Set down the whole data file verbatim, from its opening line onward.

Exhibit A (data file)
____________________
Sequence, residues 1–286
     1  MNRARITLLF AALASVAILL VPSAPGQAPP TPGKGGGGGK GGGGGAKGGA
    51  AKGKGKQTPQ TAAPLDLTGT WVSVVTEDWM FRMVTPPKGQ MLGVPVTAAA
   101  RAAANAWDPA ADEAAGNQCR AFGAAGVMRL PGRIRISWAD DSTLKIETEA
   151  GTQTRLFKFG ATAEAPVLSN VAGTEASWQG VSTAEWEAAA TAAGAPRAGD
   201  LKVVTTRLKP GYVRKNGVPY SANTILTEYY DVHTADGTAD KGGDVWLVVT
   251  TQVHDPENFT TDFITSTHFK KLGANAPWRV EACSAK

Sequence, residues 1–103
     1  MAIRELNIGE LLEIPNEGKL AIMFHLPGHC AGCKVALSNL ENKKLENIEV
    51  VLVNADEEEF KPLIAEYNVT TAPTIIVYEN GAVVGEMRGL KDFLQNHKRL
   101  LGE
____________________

Sequence, residues 1–286
     1  MNRARITLLF AALASVAILL VPSAPGQAPP TPGKGGGGGK GGGGGAKGGA
    51  AKGKGKQTPQ TAAPLDLTGT WVSVVTEDWM FRMVTPPKGQ MLGVPVTAAA
   101  RAAANAWDPA ADEAAGNQCR AFGAAGVMRL PGRIRISWAD DSTLKIETEA
   151  GTQTRLFKFG ATAEAPVLSN VAGTEASWQG VSTAEWEAAA TAAGAPRAGD
   201  LKVVTTRLKP GYVRKNGVPY SANTILTEYY DVHTADGTAD KGGDVWLVVT
   251  TQVHDPENFT TDFITSTHFK KLGANAPWRV EACSAK

Sequence, residues 1–103
     1  MAIRELNIGE LLEIPNEGKL AIMFHLPGHC AGCKVALSNL ENKKLENIEV
    51  VLVNADEEEF KPLIAEYNVT TAPTIIVYEN GAVVGEMRGL KDFLQNHKRL
   101  LGE